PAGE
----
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TO   THE   LIGHTHOUSE

for which she felt intense gratitude; for nothing
so solaced her, eased her of the perplexity of life,
and miraculously raised its burdens, as this sub-
lime power, this heavenly gift, and one would no
more disturb it, while it lasted, than break up the
shaft of sunlight lying level across the floor.

That people should love like this, that Mr.
Bankes should feel this for Mrs. Ramsay (she
glanced at him musing) was helpful, was exalting.
She wiped one brush after another upon a piece
of old rag, menially, on purpose. She took
shelter from the reverence which covered all
women; she felt herself praised. Let him gaze;
she would steal a look at her picture.

She could have wept. It was bad, it was bad,
it was infinitely bad! She could have done it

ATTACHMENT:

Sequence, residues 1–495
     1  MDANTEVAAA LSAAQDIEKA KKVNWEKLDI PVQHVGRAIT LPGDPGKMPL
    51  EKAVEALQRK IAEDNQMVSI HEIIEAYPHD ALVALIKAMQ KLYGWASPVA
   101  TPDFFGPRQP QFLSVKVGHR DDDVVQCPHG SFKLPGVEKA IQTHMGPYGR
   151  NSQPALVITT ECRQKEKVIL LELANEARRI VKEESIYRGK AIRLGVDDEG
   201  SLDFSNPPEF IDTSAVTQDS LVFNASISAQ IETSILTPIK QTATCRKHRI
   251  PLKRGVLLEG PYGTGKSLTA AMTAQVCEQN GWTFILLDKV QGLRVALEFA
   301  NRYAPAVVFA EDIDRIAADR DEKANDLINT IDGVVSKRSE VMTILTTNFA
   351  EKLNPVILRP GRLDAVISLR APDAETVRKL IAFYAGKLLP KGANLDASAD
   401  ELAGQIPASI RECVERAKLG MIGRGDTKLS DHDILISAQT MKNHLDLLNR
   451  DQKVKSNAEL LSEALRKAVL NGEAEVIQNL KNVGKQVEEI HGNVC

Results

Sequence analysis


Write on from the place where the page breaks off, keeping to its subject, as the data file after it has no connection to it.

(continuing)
differently of course; the colour could have been
thinned and faded; the shapes etherealised; that
was how Paunceforte would have seen it. But
then she did not see it like that. She saw the
colour burning on a framework of steel; the light
of a butterfly's wing lying upon the arches of a
cathedral. Of all that only a few random marks
scrawled upon the canvas remained. And it
would never be seen; never be hung even, and
there was Mr. Tansley whispering in her ear,
" Women can't paint, women can't write . . ."

She now remembered what she had been going
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